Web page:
Flow lifecycle operations
Flow can be imagined as a pipe in which requests for next values flow in one direction, and the corresponding produced values flow in the other direction. When flow is completed or an exception occurs, this information is also propagated and it closes the intermediate steps on the way. So, as they all flow, we can listen for values, exceptions, or other characteristic events (like starting or completing). To do this, we use methods such as
catch. Let's explain these one by one.
To react to each flowing value, we use the
onEach lambda expression is suspending, and elements are processed one after another in order (sequentially). So, if we add
onEach, we will delay each value as it flows.
onStart function sets a listener that should be called immediately once the flow is started, i.e., once the terminal operation is called. It is important to note that
onStart does not wait for the first element: it is called when we request the first element.
It is good to know that in
onStart (as well as in
catch) we can emit elements. Such elements will flow downstream from this place.
There are a few ways in which a flow can be completed. The most common one is when the flow builder is done (i.e., the last element has been sent), although this also happens in the case of an uncaught exception or a coroutine cancellation. In all these cases, we can add a listener for flow completion by using the
In Android, we often use
onStart to show a progress bar (the indicator that we are waiting for a network response), and we use
onCompletion to hide it.
A flow might complete without emitting any value, which might be an indication of an unexpected event. For such cases, there is the
onEmpty function, which invokes the given action when this flow completes without emitting any elements.
onEmpty might then be used to emit some default value.
At any point of flow building or processing, an exception might occur. Such an exception will flow down, closing each processing step on the way; however, it can be caught and managed. To do so, we can use the
catch method. This listener receives the exception as an argument and allows you to perform recovering operations.
In the example above, notice that
onEachdoes not react to an exception. The same happens with other functions like
filteretc. Only the
onCompletionhandler will be called.
catch method stops an exception by catching it. The previous steps have already been completed, but
catch can still emit new values and keep the rest of the flow alive.
catch will only react to the exceptions thrown in the function defined upstream (you can imagine that the exception needs to be caught as it flows down).
In Android, we often use
catch to show exceptions that happened in a flow.
We could also use
catch to emit default data to display on the screen, such as an empty list.
Uncaught exceptions in a flow immediately cancel this flow, and
collect rethrows this exception. This behavior is typical of suspending functions, and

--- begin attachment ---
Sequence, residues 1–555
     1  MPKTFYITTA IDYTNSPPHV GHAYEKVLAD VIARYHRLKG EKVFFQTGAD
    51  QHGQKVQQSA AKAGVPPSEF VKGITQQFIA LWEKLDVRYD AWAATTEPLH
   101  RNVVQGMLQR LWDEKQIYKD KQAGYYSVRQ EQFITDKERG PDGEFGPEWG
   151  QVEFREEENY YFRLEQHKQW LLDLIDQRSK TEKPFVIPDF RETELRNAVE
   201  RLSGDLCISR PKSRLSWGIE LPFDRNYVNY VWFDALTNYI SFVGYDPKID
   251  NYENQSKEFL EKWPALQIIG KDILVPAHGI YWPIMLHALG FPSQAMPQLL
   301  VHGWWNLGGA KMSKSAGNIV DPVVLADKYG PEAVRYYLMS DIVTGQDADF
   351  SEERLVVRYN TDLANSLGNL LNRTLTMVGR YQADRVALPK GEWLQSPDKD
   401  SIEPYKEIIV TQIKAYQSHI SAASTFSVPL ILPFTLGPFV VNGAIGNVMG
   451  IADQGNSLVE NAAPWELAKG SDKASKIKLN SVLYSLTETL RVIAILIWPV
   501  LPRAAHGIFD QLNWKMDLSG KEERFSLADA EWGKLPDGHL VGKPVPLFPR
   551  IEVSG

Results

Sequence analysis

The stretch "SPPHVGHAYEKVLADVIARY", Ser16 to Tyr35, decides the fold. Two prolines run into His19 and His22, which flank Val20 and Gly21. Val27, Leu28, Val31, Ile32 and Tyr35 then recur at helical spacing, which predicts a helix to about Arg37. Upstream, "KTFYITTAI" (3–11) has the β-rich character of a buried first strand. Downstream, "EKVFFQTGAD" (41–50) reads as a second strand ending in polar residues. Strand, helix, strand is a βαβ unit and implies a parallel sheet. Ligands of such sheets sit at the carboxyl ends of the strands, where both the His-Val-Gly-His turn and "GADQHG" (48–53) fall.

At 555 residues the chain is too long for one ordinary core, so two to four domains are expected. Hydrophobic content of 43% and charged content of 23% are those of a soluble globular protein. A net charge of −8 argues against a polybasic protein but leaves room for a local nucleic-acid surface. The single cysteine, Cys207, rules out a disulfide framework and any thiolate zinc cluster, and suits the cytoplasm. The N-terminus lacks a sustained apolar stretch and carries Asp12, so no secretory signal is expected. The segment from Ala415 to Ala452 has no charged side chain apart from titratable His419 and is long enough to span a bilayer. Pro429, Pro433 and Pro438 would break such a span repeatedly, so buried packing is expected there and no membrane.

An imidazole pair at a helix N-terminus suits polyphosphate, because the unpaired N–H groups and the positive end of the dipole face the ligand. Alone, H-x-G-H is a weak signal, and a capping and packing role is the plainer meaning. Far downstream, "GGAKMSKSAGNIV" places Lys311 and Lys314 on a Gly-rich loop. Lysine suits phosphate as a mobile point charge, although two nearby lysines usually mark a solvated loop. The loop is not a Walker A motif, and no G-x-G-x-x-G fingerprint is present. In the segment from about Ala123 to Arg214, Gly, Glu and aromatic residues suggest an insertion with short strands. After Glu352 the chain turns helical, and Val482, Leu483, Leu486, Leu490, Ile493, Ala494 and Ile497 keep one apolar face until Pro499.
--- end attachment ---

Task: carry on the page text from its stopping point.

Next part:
coroutineScope behaves the same way. Exceptions can be caught outside flow using the classic try-catch block.
Notice that using
catch does not protect us from an exception in the terminal operation (because
catch cannot be placed after the last operation). So, if there is an exception in the
collect, it won't be caught, and an error will be thrown.
Therefore, it is common practice to move the operation from
onEach and place it before the
catch. This is specifically useful if we suspect that
collect might raise an exception. If we move the operation from
collect, we can be sure that
catch will catch all exceptions.
Lambda expressions used as arguments for flow operations (like
onCompletion, etc.) and its builders (like
channelFlow) are all suspending in nature. Suspending functions need to have a context and should be in relation to their parent (for structured concurrency). So, you might be wondering where these functions take their context from. The answer is: from the context where
collect is called.
How does this code work? The terminal operation call requests elements from upstream, thereby propagating the coroutine context. However, it can also be modified by the
flowOn works only for functions that are upstream in the flow.
collect is a suspending operation that suspends a coroutine until the flow is completed. It is common to wrap it with a
launch builder so that flow processing can start on another coroutine. To help with such cases, there is the
launchIn function, which launches
collect in a new coroutine on the scope passed as the only argument.
launchIn is often used to start flow processing in a separate coroutine.
In this chapter, we've learned about different Flow functionalities. Now we know how to do something when our flow starts, when it is closing, or on each element; we also know how to catch exceptions and how to launch a flow in a new coroutine. These are typical tools that are widely used, especially in Android development. For instance, here is how a flow might be used on Android: